I have never forgotten Major Bruce Hunt, one of our doctors.  He stood up one night upon the Railway and gave us a good dressing down.  Morale was at a low ebb.  He finished up telling us to pull ourselves together and get back to Australia and get ourselves some little Australians.  Which I kept in mind.  To me he was our “Weary” Dunlop.

 

HOME AND FAMILY.

I wanted to join up of my own free will.  I didn’t want to be forced to enlist.  I missed my family very much and thought of them always.  I used to wonder what changes had taken place.  I never really thought I would never get home.

 

SELF ESTEEM

I always believed in myself.  I didn’t notice any changes in myself.

 

GETTING ON WITH LIFE AFTER THE WAR.

When we were released from captivity, all they told us was the Yanks had taken all our girls, you couldn’t buy this and that, everything was in short supply, coupons on tobacco, sugar, butter, tea, petrol, you name it!    I was wondering what we had to face up to.

One of the first people to greet me in Sydney with my family was my girlfriend who I thought of a lot over the years.

My immediate reaction was here is one the Yanks didn’t take.  How unlucky they were.  We married 2nd October 1946 and had two of the most wonderful young men anyone would wish for, two beautiful daughter’s-in-law and seven truly beautiful grandchildren, 4 girls and 3 boys (they have gone on to have 9 great grandchildren).  My wife and I consider ourselves two of the luckiest people alive.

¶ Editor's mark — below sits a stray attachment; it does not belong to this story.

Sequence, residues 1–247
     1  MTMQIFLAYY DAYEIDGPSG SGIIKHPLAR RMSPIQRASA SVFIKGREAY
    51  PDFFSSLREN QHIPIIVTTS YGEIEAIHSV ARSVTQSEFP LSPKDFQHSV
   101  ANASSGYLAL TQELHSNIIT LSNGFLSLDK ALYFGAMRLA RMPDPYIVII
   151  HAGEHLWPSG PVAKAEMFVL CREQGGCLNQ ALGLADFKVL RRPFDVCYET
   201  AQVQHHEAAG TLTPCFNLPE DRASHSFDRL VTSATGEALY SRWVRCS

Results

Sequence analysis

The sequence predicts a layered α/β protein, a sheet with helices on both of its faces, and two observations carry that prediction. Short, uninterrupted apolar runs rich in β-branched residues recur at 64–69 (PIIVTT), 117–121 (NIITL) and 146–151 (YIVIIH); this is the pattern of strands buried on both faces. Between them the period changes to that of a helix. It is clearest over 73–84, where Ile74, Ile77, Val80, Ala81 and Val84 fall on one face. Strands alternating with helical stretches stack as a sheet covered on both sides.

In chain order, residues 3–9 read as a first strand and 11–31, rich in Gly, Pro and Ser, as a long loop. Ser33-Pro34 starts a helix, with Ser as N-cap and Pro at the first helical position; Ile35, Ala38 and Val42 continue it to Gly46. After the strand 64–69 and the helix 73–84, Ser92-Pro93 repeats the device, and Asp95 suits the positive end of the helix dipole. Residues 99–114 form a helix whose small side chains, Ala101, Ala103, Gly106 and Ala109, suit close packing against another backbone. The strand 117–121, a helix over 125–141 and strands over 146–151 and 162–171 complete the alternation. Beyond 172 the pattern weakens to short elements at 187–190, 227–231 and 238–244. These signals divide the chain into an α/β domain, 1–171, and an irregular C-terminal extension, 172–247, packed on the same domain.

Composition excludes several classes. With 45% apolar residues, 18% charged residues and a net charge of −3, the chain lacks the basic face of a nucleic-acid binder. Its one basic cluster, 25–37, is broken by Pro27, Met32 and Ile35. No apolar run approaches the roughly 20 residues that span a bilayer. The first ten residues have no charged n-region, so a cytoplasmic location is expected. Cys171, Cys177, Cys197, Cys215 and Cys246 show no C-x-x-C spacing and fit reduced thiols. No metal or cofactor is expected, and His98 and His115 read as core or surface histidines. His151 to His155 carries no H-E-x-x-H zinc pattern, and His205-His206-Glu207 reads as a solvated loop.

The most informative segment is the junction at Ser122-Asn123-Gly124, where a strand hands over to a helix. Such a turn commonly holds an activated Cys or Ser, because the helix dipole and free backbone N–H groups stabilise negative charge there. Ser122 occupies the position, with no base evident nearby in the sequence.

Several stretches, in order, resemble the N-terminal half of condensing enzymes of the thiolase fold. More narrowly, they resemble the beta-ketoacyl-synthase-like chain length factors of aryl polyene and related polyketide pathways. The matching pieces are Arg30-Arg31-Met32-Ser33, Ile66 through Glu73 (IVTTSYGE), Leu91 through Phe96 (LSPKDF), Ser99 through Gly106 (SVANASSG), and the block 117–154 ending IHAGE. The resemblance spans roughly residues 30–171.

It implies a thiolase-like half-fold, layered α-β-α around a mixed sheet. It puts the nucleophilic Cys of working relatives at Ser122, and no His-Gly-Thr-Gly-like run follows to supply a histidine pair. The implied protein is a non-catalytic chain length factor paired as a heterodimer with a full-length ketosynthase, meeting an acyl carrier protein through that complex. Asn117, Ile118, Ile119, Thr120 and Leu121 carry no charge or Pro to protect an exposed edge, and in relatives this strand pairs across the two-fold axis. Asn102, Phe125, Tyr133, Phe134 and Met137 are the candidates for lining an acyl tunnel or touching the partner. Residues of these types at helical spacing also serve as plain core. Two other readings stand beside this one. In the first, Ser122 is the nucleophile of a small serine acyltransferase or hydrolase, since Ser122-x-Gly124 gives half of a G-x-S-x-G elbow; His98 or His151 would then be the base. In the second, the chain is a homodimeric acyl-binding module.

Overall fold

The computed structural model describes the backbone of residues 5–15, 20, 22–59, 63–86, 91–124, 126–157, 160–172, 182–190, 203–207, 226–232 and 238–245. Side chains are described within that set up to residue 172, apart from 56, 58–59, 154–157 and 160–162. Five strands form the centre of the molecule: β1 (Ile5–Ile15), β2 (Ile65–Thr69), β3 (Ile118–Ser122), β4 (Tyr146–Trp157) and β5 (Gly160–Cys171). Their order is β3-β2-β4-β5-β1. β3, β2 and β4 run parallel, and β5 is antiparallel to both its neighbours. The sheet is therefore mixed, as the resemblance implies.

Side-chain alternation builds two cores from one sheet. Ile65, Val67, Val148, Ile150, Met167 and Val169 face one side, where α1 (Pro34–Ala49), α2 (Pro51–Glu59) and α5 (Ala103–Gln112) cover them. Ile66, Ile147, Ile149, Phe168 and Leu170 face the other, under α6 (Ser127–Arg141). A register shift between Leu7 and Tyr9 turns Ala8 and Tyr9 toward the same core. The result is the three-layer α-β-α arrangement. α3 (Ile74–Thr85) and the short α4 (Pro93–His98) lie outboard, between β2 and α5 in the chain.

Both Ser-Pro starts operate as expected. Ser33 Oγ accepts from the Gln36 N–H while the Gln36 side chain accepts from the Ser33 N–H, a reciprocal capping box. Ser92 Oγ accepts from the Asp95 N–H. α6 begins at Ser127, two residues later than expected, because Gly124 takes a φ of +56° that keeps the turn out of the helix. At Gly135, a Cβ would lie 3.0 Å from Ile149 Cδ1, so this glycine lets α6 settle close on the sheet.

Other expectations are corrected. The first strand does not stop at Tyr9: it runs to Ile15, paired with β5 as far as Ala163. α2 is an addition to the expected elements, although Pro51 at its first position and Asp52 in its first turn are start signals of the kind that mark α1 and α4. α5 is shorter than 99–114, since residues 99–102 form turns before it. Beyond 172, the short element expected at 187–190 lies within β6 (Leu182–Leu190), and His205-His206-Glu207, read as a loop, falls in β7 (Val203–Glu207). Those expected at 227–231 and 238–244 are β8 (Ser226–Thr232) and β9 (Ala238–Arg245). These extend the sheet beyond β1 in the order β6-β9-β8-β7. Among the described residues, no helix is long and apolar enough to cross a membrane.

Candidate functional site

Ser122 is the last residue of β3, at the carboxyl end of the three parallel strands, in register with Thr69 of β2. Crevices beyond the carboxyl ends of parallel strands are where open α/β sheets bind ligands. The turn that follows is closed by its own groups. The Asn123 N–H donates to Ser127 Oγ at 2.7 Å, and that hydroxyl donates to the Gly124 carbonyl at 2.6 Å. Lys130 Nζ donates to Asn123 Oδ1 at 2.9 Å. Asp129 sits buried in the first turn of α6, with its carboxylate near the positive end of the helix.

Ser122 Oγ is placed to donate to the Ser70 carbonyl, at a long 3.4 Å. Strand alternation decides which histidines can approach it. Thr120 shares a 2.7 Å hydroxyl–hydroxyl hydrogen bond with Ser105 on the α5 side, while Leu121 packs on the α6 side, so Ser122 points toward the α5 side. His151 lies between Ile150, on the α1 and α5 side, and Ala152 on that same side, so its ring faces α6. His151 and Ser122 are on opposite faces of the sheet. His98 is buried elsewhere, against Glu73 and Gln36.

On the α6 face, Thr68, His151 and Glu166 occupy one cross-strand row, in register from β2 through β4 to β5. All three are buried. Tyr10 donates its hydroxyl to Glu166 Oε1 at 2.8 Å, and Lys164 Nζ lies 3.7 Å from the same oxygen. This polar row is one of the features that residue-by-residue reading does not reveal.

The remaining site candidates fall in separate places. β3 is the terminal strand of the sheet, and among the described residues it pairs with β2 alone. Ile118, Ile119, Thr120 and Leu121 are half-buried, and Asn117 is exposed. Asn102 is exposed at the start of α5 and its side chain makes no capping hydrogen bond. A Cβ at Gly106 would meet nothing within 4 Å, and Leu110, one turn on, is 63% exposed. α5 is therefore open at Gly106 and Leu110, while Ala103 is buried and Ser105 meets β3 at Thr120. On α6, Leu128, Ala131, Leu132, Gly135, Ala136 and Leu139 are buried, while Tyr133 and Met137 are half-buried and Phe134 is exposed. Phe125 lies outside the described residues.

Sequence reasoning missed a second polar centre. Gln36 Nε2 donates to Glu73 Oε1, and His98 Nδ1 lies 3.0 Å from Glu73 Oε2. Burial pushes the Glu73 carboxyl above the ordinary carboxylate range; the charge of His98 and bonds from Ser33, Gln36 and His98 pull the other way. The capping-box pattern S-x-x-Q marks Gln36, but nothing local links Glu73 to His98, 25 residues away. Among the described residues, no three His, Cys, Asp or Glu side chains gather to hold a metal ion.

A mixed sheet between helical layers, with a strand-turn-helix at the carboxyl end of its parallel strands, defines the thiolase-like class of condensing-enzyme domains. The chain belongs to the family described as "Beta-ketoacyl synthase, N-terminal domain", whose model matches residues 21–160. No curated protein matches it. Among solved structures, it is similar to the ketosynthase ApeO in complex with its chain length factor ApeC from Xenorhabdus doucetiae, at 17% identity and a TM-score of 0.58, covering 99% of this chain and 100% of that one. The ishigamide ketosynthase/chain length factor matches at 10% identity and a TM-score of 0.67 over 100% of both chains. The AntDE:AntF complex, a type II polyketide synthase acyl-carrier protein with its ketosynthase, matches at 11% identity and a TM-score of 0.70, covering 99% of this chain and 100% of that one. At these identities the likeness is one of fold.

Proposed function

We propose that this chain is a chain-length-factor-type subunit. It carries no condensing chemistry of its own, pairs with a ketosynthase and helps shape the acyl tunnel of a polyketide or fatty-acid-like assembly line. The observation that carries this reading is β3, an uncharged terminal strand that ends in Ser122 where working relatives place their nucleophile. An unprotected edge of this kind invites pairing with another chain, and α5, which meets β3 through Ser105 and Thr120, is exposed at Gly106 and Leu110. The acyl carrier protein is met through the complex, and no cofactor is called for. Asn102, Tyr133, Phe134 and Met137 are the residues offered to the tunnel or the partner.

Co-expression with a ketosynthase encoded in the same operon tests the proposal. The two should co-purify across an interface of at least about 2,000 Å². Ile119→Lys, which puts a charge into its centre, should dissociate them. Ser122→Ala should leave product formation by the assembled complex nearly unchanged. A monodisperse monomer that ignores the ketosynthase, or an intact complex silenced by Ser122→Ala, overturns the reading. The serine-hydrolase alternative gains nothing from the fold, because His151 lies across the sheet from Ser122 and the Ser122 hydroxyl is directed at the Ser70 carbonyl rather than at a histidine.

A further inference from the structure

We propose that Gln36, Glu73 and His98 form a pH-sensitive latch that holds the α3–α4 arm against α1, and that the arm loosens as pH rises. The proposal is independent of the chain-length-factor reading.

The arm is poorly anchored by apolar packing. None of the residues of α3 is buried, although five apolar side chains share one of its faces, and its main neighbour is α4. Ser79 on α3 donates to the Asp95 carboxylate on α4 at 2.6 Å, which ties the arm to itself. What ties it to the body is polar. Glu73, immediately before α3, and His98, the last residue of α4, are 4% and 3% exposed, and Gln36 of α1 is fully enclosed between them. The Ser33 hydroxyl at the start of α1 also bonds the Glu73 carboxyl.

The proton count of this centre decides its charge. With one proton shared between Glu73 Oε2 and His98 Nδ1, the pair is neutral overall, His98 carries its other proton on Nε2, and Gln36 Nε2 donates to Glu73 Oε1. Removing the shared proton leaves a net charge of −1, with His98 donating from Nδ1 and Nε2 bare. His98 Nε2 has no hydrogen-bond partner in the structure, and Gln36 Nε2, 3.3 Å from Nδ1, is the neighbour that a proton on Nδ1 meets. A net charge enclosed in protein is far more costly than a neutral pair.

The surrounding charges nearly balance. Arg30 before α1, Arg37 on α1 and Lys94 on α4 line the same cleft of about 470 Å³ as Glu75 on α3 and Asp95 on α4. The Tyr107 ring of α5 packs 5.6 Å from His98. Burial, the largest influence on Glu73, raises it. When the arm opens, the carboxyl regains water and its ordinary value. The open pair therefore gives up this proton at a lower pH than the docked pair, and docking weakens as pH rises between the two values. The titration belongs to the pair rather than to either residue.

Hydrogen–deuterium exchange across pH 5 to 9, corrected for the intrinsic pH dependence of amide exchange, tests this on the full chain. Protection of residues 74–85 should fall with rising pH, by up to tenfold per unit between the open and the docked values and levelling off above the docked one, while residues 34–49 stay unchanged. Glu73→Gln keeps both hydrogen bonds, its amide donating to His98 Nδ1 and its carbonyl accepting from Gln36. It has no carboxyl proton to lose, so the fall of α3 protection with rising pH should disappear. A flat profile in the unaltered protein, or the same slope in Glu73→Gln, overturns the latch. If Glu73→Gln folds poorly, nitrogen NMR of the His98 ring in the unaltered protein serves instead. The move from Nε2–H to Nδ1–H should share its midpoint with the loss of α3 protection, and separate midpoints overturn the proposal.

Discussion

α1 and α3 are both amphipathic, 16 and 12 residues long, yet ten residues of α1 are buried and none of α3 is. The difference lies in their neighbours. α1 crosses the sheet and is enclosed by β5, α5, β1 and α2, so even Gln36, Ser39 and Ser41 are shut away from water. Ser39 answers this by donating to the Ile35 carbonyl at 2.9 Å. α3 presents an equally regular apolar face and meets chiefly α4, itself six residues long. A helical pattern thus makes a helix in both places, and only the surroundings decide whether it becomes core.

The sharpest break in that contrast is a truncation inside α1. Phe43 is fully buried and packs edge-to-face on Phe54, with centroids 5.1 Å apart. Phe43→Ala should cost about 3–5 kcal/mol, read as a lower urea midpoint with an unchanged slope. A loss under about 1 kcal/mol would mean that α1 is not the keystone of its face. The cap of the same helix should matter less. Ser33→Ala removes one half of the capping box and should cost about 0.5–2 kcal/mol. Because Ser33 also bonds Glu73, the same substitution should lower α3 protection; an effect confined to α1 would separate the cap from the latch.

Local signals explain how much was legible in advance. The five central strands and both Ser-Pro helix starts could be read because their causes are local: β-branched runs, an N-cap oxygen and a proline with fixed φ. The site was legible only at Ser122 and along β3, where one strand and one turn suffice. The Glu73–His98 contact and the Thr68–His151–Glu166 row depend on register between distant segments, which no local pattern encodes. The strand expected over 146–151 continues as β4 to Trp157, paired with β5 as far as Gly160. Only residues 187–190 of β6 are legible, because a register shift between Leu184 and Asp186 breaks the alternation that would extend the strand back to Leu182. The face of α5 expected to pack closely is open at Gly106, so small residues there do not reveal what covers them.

For a while after I was married I used to stay our late at night a lot.  Looking back later in life I used to think what a heel I was.  I was never a drinker but I spent a lot time with my mates at the local pub, playing cards and pool.  I was obviously looking for the company of men.  It took some time to settle down and now I never think of going out at night.

I am not one to dream much.  I have had a couple of nightmares, one in particular I was pleased to wake up and find it wasn’t real.

 

When Dad passed away in August 2016 at age 98 he was acknowledged as one of the last 5 surviving members of the original 1300 men of the 2/30th who went to Malaya.

 

Galleghan returned to Australia a hero and was widely acclaimed for his effort on behalf of the 8th Division during their years of captivity.  His leadership had helped the Australians achieve the best rate of survival of prisoners in the Asian theatre.

 

In 1959 Galleghan was appointed honorary colonel of the Australian Cadet Corps. He was thrilled with the appointment. It kept him close to his favourite subject youth and it gave him the opportunity to talk about the things in which he believed, foremost being the obligation of Australians to Australia.

He was promoted to Brigadier General and finally was knighted in 1969.   He spent his years after the war working also for Legacy and looking out for members of the 2/30th Batallion.  Black Jack had no natural sons of his own.  He liked to think that his soldiers were his sons.

 

I would like to finish by quoting Stan Arniel from his Diary – One Man’s War.

They were wonderful young men who never looked back.  I count it as the greatest privilege of my life to have been part of that group.  Indeed, I wonder how it was that I was so fortunate to have shared those years with them.

To have retained one’s sanity and humanity for almost 4 years in inhuman conditions is a great achievement.

 

Lest we Forget.

 

Thank you for your attention today.